Elizabeth Everman, a biology major, received a 2011 Hall Family Foundation Summer Academic Enrichment Grant. She participated in a 16-day graduate course in Conservation and Restoration Genetics in Las Cruces, Costa Rica.
“The course was presented by the Organization for Tropical Studies (OTS) and Duke University. We spent two weeks at the biological station Las Cruces learning about fragmentation in Costa Rica and its implications of the preservation of biodiversity. Much of what I learned in this course is directly related to measuring the impacts of fragmentation in terms of migration rate, inbreeding depression and effective population size (the number of reproducing individuals in a population) in both plant and animal communities from a genetic standpoint. We learned to use computer programs necessary to run analyses on genetic data and participated in active discussions that addressed both the morals of biodiversity preservation and practical approaches for conducting these studies. Each student was given the opportunity to become a teacher in our current area of study and we established a strong network through our common interests in the study of conservation genetics.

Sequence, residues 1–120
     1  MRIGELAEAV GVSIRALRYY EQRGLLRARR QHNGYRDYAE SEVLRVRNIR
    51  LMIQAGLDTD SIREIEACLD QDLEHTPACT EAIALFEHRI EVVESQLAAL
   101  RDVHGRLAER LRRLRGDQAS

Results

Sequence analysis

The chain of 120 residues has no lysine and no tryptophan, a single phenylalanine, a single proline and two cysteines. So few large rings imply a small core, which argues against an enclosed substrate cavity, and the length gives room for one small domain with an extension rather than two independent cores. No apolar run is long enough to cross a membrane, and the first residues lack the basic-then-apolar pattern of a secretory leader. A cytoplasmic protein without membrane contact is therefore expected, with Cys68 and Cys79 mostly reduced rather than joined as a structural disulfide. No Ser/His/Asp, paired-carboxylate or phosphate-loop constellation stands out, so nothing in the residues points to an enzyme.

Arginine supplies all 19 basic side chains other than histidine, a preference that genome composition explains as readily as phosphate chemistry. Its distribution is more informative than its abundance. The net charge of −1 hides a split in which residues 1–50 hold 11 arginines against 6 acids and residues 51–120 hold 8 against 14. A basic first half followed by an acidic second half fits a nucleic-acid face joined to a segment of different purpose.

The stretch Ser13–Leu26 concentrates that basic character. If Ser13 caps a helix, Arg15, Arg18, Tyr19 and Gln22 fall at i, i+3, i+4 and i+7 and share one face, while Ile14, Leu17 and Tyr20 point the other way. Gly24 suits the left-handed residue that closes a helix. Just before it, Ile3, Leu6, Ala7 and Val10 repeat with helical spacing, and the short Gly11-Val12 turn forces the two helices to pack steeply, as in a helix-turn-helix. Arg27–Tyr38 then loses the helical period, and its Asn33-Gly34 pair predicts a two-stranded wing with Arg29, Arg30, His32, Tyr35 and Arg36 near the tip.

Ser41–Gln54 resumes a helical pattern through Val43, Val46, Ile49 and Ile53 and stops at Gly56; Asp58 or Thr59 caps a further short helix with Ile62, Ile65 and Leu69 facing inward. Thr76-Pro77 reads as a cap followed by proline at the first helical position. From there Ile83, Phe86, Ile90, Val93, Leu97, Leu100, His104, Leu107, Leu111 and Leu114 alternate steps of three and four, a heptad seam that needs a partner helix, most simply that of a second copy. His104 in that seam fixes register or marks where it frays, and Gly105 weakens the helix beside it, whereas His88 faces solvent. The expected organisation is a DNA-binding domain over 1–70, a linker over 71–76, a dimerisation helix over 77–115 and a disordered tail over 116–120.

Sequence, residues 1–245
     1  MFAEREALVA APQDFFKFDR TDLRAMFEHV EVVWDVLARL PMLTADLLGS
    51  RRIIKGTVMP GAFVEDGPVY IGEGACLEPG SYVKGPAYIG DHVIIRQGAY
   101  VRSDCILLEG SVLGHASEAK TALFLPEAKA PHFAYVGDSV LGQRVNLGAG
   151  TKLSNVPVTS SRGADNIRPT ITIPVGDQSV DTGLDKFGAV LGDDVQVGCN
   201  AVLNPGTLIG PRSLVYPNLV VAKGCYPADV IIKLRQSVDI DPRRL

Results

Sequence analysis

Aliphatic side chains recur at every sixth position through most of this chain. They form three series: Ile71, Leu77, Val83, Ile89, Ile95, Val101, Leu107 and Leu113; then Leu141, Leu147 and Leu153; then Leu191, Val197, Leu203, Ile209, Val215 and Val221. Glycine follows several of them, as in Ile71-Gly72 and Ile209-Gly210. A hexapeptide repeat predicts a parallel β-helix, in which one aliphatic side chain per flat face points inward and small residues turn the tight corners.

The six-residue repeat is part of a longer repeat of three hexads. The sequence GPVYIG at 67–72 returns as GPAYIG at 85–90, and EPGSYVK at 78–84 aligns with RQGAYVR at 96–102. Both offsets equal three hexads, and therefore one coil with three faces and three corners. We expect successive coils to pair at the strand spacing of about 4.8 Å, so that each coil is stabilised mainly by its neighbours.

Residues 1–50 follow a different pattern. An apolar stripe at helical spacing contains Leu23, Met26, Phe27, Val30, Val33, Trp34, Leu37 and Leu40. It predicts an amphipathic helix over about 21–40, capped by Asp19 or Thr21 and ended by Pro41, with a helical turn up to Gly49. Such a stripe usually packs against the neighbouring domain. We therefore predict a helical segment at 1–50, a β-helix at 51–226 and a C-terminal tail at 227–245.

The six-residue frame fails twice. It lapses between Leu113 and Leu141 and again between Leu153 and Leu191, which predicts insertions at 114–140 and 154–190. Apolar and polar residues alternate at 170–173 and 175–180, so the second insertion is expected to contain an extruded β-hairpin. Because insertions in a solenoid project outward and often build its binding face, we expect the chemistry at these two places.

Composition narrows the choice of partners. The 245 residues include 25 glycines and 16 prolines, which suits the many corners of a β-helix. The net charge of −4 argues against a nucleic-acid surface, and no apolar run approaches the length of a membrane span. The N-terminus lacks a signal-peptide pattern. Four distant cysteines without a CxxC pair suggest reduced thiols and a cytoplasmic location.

As a result of this course, I was able to focus my goals for future study at the graduate level in conservation genetics and I am more than ready to continue my current research in conservation genetics at Jewell this year.”